I work with my spouse. Together we own a design and development agency, providing graphic design, branding, and WordPress website services for clients around the world. One of the benefits of working with my husband is that we often get to travel to conferences together — and if we can swing it, we always try to add on an extra day to do some sightseeing together.
After attending a business conference in San Diego, we had a little extra time to explore Cabrillo National Monument and the Old Point Loma Lighthouse. Apparently we had visited before with the kids almost 10 years ago, but that was during the early days of the business and due to a lack of sleep, I have major memory loss over those few years. That means I didn’t remember anything about our visit except the giant statue of Juan Rodriguez Cabrillo.
Point Loma Lighthouse
Brian and I began our visit with a tour of the Old Point Loma Lighthouse. We love visiting lighthouses and getting little glimpses into the history of the area. Inside this lighthouse, restored to its 1880 appearance, is a museum that depicts life as it was for the lightkeepers and their families. In the adjacent Assistant Keeper’s Quarters, interactive exhibits tell the story of the Lighthouses of Point Loma. From here we were also treated to incredible panoramic views of the San Diego Skyline.
Whale Viewing Overlook
We then walked over to the Whale Overlook and a large whale skeleton. In the winter, Pacific gray whales pass by the western overlooks of Cabrillo National Monument on their way to the bays of Baja California, where they mate and nurse their young. Mid-January is the peak time for whale migration, but whales are visible from December through March and the cliffs above the park’s Kelp Forest Overlook and Old Point Loma Lighthouse provide the best viewing spots.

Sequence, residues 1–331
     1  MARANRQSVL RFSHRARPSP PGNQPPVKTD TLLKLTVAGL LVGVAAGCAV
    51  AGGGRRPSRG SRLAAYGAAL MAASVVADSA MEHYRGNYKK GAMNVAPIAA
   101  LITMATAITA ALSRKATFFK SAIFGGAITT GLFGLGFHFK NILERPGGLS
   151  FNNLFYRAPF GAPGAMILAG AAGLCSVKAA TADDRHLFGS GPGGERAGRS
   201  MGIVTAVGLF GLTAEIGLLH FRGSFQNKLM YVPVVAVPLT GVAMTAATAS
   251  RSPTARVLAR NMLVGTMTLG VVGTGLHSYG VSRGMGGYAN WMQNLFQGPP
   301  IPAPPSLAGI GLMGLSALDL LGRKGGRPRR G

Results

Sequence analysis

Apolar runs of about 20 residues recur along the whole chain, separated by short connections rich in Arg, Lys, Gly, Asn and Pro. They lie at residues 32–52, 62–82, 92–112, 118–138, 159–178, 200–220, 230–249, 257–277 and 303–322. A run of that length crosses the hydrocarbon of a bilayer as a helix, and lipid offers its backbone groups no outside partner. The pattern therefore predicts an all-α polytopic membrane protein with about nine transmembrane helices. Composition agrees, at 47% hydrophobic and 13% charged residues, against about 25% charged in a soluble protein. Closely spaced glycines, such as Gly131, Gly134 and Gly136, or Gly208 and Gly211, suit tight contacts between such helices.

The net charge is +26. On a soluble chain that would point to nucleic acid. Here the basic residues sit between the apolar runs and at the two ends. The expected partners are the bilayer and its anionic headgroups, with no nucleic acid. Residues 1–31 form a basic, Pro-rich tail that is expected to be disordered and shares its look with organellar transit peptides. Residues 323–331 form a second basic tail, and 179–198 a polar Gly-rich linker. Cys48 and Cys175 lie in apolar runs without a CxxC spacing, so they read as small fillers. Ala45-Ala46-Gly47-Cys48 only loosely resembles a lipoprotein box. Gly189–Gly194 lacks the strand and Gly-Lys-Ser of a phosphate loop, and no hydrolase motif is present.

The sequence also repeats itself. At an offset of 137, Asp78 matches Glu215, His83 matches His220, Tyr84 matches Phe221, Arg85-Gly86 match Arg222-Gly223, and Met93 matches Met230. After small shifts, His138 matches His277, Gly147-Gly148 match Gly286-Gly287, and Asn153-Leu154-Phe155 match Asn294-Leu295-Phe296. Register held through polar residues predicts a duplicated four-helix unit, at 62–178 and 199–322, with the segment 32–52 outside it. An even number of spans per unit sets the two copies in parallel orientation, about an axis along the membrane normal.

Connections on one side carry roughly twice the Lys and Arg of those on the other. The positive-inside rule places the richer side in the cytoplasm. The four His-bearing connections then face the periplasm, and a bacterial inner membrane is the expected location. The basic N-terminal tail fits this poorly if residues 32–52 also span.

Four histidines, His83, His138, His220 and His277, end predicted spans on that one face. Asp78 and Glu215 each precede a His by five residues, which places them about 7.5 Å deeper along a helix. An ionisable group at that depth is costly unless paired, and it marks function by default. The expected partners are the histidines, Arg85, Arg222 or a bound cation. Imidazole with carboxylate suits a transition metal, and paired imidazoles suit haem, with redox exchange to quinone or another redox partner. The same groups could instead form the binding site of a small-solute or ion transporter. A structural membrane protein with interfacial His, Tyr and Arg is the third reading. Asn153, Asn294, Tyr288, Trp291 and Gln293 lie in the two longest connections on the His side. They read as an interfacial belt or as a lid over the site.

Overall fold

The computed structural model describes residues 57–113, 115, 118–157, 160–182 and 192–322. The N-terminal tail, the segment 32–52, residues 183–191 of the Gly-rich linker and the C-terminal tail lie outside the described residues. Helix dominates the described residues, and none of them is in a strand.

Military History Exhibit
Next, we visited the Military History Exhibit They Stood the Watch, telling the story of military history at Point Loma.
A World War II Army radio station set on a hillside covered in bright yellow wildflowers houses the military history exhibit. It features informational displays and wartime relics, and if you look closely, the area around Cabrillo National Monument includes remnants of military occupancy like base-end stations, fire control stations, searchlight bunkers, and coastal artillery batteries.
Visitor Center Complex
At the Visitor Center, we used up all of our change to get a variety of pressed pennies for Carter, walked through the gift shop, toured the Age of Exploration exhibit room to learn about Juan Rodriguez Cabrillo’s voyage, watched the film In Search of Cabrillo, and walked out to the promenade to see the 14 foot tall statue of Cabrillo.
Our last activity was visiting the coastal tidepools on the southwest side of the park.
Visited by more than 215,000 people annually, Cabrillo National Monument is an extremely popular tidepooling destination. It is one of the best-protected and easily accessible tidepool areas in Southern California. Late fall and winter are the best times for tidepooling because unlike the summer months, when low tides occur in the middle of the night, the good low tides in fall and winter occur during daylight hours when the park is open.
About Juan Rodriguez Cabrillo
Juan Rodriguez Cabrillo led the first European expedition to explore what is now the west coast of the United States. In 1542, Cabrillo sailed from the port of Navidad, Mexico and arrived three months later at “a very good enclosed port,” known today as San Diego Bay.
Historians believe Cabrillo anchored his flagship, the San Salvador, on Point Loma’s east shore near Cabrillo National Monument. He later died during the expedition, but his crew pushed on, possibly as far north as Oregon, before thrashing winter storms forced them to back to Mexico.
Cabrillo National Monument, established in 1913, commemorates Juan Rodriguez Cabrillo’s voyage of discovery with a 14 foot tall statue of Cabrillo looking out over the bay.
About The Formation Of Cabrillo National Monument
In 1913, the commanding officer at Fort Rosecrans recommended the Old Point Loma Lighthouse be torn down. Later that year, a presidential proclamation by Woodrow Wilson set aside the half acre area surrounding the lighthouse as Cabrillo National Monument. The Order of Panama was granted permission to construct a statue of Juan Rodriguez Cabrillo in place of the lighthouse. But by 1926, no statue had been placed and the Order of Panama no longer existed.
In 1935, when Cabrillo National Monument integrated with the National Park Service, the Old Point Loma Lighthouse underwent a major rehabilitation, a new road to the monument was built, and the Portuguese ambassador to the United States presented a bronze plaque, honoring Cabrillo as a distinguished Portuguese navigator in the service of Spain who made the first Alta California landfall.